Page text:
On the other end of the spectrum, Comedian Wendy Lewis has been doing comedy for four years. She was well-acquainted with the mostly male bills that populate the scene.

“Not only do I feel like I have to get up there and make sure I’m funny, but I have to represent females in general, because that’s the stigma, that women aren’t generally thought of as being funny,” Lewis says.

She says she had a blast at Fierce Femme. She was feeling so confident, she even did some material she wrote earlier that day.

“To be actually able to do what you do and not have pressure, and to be able to just be yourself and do what comes natural, it’s beautiful and it’s liberating,” Lewis says. “I feel like if more humans in general, not just us women, had a support system, we could feel like we could totally be OK.”

Many of the performers at the first few Fierce Femme shows have been comedians because Appel came from the comedy world herself. Since starting in the scene a few years ago, she’d met a lot of talented women comics who were underrepresented onstage. That’s when she decided to create her own show.

“The idea’s not necessarily to be exclusive of men, but to be inclusive of people that aren’t always on bills,” Appel says. “I saw it across the board on a lot of shows. It’s so much beyond me because I just saw a need for something, and a lot of people wanted it.”

A key part of the show is that it isn’t exclusively a stand-up comic showcase. This helps to discourage the competitive nature of comedy as well as heckling, which is strictly forbidden.

Pianist Miranda Goodman was one of the noncomic performers at the premiere show. She hadn’t played in front of a crowd in a long time. Goodman performed an extremely vulnerable improvised piece expressing the unfiltered grief she felt of having learned her grandmother was diagnosed with Alzheimer’s a week earlier. The crowd was moved and readily shifted from crazy joke mode to sharing a serious emotional moment with Goodman.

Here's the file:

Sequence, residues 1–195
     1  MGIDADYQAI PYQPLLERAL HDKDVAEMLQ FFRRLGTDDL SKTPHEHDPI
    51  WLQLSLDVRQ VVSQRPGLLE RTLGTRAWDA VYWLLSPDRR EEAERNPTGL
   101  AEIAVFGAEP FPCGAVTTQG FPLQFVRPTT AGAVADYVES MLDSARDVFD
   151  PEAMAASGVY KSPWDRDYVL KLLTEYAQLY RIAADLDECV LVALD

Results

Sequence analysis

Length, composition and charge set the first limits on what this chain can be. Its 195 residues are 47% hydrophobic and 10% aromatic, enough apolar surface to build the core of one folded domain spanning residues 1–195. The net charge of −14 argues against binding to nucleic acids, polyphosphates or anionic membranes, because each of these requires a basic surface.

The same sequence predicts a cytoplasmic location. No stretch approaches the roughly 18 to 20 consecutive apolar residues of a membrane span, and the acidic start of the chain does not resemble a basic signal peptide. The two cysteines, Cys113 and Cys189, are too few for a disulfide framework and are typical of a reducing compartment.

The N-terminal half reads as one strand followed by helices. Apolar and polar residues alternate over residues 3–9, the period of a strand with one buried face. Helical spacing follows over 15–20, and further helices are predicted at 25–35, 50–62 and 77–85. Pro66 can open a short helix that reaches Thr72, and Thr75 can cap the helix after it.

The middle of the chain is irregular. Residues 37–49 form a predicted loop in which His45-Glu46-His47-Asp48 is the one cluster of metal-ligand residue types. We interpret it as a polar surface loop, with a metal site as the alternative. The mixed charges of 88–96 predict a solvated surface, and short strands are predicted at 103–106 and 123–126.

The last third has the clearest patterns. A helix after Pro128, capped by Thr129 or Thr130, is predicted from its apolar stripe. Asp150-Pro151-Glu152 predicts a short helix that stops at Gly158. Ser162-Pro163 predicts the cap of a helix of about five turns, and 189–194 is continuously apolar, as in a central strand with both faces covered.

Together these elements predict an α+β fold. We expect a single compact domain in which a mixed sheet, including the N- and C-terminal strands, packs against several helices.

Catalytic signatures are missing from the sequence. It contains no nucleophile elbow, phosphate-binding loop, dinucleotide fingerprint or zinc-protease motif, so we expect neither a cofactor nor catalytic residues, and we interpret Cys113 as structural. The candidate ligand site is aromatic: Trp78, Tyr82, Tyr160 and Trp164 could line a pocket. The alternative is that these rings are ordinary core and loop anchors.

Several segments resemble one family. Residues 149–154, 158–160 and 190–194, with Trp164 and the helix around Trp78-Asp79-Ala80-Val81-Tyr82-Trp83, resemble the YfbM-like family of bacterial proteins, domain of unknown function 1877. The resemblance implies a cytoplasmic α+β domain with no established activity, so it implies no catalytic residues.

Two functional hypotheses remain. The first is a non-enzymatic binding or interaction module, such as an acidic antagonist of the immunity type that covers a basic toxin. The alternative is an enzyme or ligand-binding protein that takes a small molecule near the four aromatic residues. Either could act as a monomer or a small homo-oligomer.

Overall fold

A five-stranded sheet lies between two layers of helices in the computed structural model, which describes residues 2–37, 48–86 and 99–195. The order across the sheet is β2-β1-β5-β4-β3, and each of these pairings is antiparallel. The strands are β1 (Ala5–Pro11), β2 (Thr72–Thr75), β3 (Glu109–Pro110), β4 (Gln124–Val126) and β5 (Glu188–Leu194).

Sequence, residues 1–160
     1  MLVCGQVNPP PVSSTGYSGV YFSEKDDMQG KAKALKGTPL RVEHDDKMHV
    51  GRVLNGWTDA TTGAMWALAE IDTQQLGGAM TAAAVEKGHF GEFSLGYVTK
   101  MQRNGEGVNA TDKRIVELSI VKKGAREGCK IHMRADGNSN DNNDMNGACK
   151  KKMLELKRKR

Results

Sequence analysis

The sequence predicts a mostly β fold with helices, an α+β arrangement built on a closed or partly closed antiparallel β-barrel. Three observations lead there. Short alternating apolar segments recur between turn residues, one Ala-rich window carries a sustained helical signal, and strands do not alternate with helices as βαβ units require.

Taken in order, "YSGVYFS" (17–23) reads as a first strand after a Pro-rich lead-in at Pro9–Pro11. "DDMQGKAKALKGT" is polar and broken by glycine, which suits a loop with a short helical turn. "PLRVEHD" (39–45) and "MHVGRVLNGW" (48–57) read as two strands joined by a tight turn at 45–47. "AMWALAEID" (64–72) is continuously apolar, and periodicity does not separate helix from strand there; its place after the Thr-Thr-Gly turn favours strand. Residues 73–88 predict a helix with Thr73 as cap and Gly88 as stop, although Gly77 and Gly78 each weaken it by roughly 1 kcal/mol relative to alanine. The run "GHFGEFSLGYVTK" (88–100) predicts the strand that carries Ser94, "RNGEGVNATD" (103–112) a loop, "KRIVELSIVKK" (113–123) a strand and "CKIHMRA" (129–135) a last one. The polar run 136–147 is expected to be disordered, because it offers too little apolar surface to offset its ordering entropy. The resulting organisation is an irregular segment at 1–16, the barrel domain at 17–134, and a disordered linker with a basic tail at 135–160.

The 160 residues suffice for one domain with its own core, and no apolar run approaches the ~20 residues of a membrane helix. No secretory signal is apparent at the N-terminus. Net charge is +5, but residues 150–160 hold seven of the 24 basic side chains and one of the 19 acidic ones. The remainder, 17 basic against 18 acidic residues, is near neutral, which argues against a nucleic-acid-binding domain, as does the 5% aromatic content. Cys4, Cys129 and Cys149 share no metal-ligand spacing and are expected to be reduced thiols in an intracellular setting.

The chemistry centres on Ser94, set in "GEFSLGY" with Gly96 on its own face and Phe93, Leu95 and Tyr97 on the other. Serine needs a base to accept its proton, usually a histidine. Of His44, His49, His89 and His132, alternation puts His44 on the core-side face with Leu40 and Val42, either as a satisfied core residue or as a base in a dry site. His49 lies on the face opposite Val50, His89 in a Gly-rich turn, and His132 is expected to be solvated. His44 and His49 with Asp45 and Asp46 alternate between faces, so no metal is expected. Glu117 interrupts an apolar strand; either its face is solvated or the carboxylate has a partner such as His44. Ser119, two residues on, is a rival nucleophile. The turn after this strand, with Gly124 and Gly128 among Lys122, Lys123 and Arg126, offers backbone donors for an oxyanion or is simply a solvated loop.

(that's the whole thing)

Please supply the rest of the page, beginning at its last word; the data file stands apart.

“I felt a positive energy in the entire venue,” Goodman says. “It made me feel accepted, safe and respected knowing that everyone who attended were open-minded folks.”

So far, the show has gone better than Appel imagined, she says. The production is put together mostly by Appel, though her partner Alexander Cain helps out as well as her friend Bella Bennett. In the future, Appel aspires to get more hands involved. For Bennett, the experience of working on the show has been so powerful that she’s experimenting with a stand-up set.

“It’s nice to see something new and something positive about women for once that doesn’t include our sexuality in just a negative way,” Bennett says. “It’s made me want to join in on that fun and sense of freedom.”

Back to the period joke: Appel thinks it perfectly illustrates what’s so special about this space. In her few years of doing comedy, Appel has heard “women aren’t funny” from male comics several times and has been roasted by men who have followed her set. She says her period joke is viewed by these types of performers as evidence of women comics being inherently uninteresting.

“To have a predominately female audience with all-female performers, you don’t get any of that, I don’t feel like there’s repercussions to your jokes,” Appel says.

Most of the men in the audience have been open allies, but some come skeptical. Appel tells me about a 20-something jock from San Diego at the premiere. He seemed hesitant, assuming it would be a bunch of male-bashing. (It was not.) After the show, he had so much fun, Appel says, he couldn’t stop talking about it.

“Any time you’re surrounded by a lot of feminine energy, everything feels a little more enlightened,” Appel says. “There’s no competitiveness because we’re all in it together.”